"It was absolutely clear from moment one that there was not going to be any public money put behind any of this because these are decisions of financial market participants," Carney said.
"They took them, they are sophisticated ... That is not the place to put taxpayers' dollars or the balance sheet of the Bank of Canada," he said in response to a question from a business audience in the West Coast city of Vancouver.
In some of the most detailed comments yet from a Canadian central bank official on the Bank's role in the ABCP fracas, Carney said it acted as a "light-touch" facilitator for talks between various market participants.
"We became involved in this situation in a very light-touch way because there was a huge coordination problem in August when the problems emerged between the various players -- the banks, the derivatives counterparties, the investors.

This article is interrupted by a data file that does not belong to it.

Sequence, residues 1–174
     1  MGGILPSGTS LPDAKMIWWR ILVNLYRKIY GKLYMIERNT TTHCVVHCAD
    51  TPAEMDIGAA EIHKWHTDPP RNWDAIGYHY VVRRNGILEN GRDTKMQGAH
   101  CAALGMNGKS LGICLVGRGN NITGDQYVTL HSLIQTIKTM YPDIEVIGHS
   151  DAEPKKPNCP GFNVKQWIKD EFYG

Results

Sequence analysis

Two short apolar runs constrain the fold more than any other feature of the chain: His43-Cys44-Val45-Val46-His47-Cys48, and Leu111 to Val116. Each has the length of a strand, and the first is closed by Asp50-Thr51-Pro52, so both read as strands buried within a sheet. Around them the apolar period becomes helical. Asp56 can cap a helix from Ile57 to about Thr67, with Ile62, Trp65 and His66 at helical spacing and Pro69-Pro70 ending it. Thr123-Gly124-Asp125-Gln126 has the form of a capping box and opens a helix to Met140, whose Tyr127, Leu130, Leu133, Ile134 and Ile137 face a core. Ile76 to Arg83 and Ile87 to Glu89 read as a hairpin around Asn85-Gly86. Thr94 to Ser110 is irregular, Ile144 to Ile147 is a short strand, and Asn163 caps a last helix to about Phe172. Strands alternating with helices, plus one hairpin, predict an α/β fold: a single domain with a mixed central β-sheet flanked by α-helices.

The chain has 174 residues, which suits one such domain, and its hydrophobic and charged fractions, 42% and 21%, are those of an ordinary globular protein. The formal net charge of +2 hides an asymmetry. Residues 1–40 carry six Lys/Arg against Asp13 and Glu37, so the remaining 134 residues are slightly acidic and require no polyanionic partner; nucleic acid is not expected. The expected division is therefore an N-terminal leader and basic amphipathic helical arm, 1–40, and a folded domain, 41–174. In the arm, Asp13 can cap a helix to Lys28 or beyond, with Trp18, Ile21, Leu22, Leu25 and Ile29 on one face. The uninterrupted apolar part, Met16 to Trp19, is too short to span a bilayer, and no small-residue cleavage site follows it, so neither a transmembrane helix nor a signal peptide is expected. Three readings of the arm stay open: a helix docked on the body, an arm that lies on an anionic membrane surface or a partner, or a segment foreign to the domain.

"There was a real risk of a fire-sale with very, very low recoveries to the investors," Carney said after delivering his first speech since becoming Bank of Canada Governor on Feb. 1.
Canada's ABCP market, for paper issued by groups other than the country's big banks, ground to a halt six months ago when investors suddenly stopped buying the investments on concerns they were invested in U.S. subprime mortgages.
Banks refused to provide emergency funding, taking the market to the brink of collapse until a group of the biggest investors quickly stepped in to try to halt any defaults and hammer out a restructuring plan. The repair effort is still ongoing and market participants have largely heeded a trade and margin call standstill agreement."Our approach was to try to squeeze out some of the mistrust so that there could be ... a proper negotiation to try to make a bad situation less bad," Carney said.